Published on August 5th, 2017 | by Justin G.
Dokken: Beast From the East (Rock Candy)
I almost never buy live albums. I certainly don’t buy them twice. But but I was a HUGE Dokken fan back in the day and can clearly remember saving up to buy their 1988 live album Beast From the East…on cassette. I picked it up again on CD two decades later, mainly for nostalgic reasons. I thought that would be enough, but when the Rock Candy label, which did such a brilliant job on their reissues of the Dokken studio albums, announced they were reissuing Beast From the East, I knew I had to have it.
The live set on Beast From the East was recorded in front of a very large, very enthusiastic Japanese audience and later hyper-engineered in the studio to remove any imperfections. The result is a bit too perfect (almost sterile, but in 1988 that’s not something most people would have cared about), but even now it makes for a killer “best of Dokken” collection. The band blazes through the best of the best from their studio albums, serving up all of the hits you’d expect, and their performance (touched up or otherwise) is really strong. Whatever tensions were running through the band at the time, they seemed to have great chemistry on stage. In addition to the 16 live songs that spanned this double album, Beast From the East also featured one new studio song called “Walk Away.” It’s a ballad that was left over from the Back for the Attack sessions, and is a really strong Dokken song that’s arguably as good as anything on that album.
As I said, I don’t usually go for live albums, so I can’t really tell you how this album measures up to other live albums from the era. I can say as a Dokken fan that I still get a real kick out of hearing Beast From the East. If you’re a fan of the old school Dokken albums, it’s not to be missed. If nothing else, it’s worth it for “Walk Away” and what has to be the definitive version of “Mr. Scary.”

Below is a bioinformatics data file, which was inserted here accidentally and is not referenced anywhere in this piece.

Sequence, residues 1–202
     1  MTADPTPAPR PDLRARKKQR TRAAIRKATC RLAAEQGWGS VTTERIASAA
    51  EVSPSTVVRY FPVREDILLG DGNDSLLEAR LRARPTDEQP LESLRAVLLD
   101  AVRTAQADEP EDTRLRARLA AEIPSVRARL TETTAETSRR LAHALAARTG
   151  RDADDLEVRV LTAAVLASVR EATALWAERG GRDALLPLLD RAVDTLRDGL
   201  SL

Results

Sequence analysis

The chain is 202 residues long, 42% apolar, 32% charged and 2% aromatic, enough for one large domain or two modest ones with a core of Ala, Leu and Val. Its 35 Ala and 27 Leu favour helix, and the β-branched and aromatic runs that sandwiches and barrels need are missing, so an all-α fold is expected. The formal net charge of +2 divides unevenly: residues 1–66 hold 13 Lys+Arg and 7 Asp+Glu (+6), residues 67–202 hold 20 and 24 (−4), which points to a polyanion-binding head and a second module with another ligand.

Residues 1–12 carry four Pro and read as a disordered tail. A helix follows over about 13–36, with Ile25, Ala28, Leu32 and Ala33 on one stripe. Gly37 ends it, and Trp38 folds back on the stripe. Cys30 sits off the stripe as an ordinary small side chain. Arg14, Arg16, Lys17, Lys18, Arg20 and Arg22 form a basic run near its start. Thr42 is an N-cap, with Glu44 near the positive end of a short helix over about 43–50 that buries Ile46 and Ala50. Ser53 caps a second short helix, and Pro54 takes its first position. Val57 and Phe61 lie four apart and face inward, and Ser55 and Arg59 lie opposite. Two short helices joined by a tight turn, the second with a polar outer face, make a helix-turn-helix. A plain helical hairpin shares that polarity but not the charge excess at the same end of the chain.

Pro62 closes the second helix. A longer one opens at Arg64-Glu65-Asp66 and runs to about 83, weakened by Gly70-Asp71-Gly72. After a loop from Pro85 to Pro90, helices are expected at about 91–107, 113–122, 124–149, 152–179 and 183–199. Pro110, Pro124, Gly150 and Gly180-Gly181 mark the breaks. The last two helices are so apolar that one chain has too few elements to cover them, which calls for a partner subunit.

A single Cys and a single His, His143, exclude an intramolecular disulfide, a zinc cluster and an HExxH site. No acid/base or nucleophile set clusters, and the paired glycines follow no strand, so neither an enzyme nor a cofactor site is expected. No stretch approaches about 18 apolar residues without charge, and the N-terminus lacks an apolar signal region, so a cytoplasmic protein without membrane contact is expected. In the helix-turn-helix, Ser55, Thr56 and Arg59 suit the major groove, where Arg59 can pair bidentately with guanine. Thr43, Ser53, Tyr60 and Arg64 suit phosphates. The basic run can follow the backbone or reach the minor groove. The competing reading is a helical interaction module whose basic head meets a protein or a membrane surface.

Reissue Notes: Rock Candy’s reissue of Beast From the East features a new digital remastering that is perhaps more subtle than their other Dokken upgrades. It’s clearer and has obviously been cleaned up so you can pick up more details, but they don’t overdo it on sheer volume. They also spread the material across two CDs, so we get the full Beast From the East set. There’s also a very informative, very candid interview with bassist Jeff Pilson in the liner notes, which sheds a lot of light on where the band was when this set was released and the breakup that followed. All told, it’s the kind of reissue that makes you happy – even thankful – to be buying an album for the second (or third) time.
Summary: A rare "must have" live album - reissued